Kuala Lumpur - Asked about Asean's apparent inability to resolve the perennial issue of transboundary haze, the grouping's Secretary-General, Mr Le Luong Minh, told The Straits Times recently that the Asean process is "informal, consensus-driven, incremental".
"Incremental" is not a bad word to describe the progress at Wednesday's regional haze meeting in Kuala Lumpur, where the outcome seems as much about saving face as buying more time to fix a contentious issue.
Key decisions, such as whether to adopt a joint monitoring system that involves sharing digitised land-use maps and concession maps of fire-prone areas, have been pushed down the line for Asean leaders to decide at their Brunei summit in October.
It was not the breakthrough many had hoped for. But, hopefully, it is enough to keep prodding all the countries involved to see the need to move together to fix the root causes of the haze.
Chief among them is the practice of open burning to clear land in Sumatra, much of it on areas listed as belonging to companies but are not fully within their control.
Asean, after all, can only do what its member states give it the mandate to take on.
Noteworthy, however, is the apparent concession on sharing maps. Granted, there exist large discrepancies between concession maps provided by companies and those housed in official Indonesian government databases, a point groups like the World Resources Institute have noted.
And there is no guarantee that having the maps will result in precise identification of culprits.
|Haze in Singapore & Malaysia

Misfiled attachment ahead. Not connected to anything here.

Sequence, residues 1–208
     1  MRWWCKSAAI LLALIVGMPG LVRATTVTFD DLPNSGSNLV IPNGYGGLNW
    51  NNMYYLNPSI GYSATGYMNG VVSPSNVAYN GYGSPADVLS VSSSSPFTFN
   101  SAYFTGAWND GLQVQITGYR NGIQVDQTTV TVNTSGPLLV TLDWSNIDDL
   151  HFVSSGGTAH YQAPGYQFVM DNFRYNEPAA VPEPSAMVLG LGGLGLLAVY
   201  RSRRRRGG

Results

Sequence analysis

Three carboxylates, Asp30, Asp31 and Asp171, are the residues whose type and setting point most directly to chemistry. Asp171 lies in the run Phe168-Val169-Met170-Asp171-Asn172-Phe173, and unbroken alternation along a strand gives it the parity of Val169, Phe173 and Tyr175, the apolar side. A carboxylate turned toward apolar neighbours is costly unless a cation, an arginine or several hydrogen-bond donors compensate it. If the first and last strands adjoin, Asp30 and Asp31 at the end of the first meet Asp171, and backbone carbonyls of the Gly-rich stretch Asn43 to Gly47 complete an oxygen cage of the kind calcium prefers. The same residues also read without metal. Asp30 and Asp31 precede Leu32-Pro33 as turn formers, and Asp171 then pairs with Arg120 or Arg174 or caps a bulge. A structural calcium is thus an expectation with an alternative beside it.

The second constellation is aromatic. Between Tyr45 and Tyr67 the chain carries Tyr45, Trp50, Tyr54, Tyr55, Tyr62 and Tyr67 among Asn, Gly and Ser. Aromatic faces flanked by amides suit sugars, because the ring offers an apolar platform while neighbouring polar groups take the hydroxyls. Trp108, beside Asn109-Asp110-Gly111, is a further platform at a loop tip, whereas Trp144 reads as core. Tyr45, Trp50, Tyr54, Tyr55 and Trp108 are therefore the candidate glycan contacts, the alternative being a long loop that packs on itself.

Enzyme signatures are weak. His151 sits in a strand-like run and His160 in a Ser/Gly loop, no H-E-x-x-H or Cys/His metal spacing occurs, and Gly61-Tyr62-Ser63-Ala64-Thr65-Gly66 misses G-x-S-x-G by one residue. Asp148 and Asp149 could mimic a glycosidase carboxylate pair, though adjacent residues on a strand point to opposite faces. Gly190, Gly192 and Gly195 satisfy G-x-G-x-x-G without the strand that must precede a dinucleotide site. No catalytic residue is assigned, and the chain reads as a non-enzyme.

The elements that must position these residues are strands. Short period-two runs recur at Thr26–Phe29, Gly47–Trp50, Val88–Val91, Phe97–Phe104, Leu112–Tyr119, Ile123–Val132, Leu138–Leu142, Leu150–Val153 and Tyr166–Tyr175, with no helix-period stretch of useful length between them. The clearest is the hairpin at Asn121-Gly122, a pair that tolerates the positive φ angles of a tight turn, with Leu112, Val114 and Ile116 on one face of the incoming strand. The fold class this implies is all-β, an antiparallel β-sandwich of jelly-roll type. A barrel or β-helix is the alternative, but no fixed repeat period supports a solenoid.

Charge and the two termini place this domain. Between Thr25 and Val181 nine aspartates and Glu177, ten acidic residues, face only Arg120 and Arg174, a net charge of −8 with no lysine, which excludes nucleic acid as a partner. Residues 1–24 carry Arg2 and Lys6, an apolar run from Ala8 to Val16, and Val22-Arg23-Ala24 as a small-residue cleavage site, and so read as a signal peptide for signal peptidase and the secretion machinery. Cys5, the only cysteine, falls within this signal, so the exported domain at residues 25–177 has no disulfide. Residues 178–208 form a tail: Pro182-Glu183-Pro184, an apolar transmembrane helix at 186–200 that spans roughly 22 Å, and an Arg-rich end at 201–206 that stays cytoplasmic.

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As law professor Alan Tan of the National University of Singapore noted, pulp and oil palm concessions and their operating boundaries are often ill-defined and overlap with other community uses, and there is a high level of tolerance for such fluidity.
"The maps are unlikely to be of much help if, on the ground, the boundaries are not respected and there is rampant encroachment. As we have seen, this is precisely what enables the big companies to shift the blame to small-time farmers," he said.
This year's efforts come as Indonesia is trying to integrate its maps onto a single database.
Also to its credit, the severity of this year's haze - and the reaction from neighbouring countries - seems to have sparked official commitment to do more.
The question is whether the efforts will continue over the coming months, or lurch from one severe bout of haze to another.
Jakarta's to-do list includes ratifying the 2002 Asean Agreement on Transboundary Haze Pollution, a pact all the other nine members have since ratified.
Indonesian Environment Minister Balthasar Kambuaya, who previously said preparations have begun for ratification,he said on Wednesday that he hoped Parliament would agree to it by early 2014.
The last time the pact was up for ratification in 2008, MPs rejected it for failing to address the problem of illegal logging.
This time round, some have expressed the view that the more pressure neighbouring countries put on Indonesia to ratify the treaty, the greater the resistance that is likely to come from Parliament.
It does not help that with an election year coming up, issues of sovereignty and access to national resources could easily be whipped up by some quarters.
Still, Mr Minh says countries have made a lot of progress if one looks back 16 years to the severe haze of 1997. But the region should not need to wait another 16 years to stop open burning.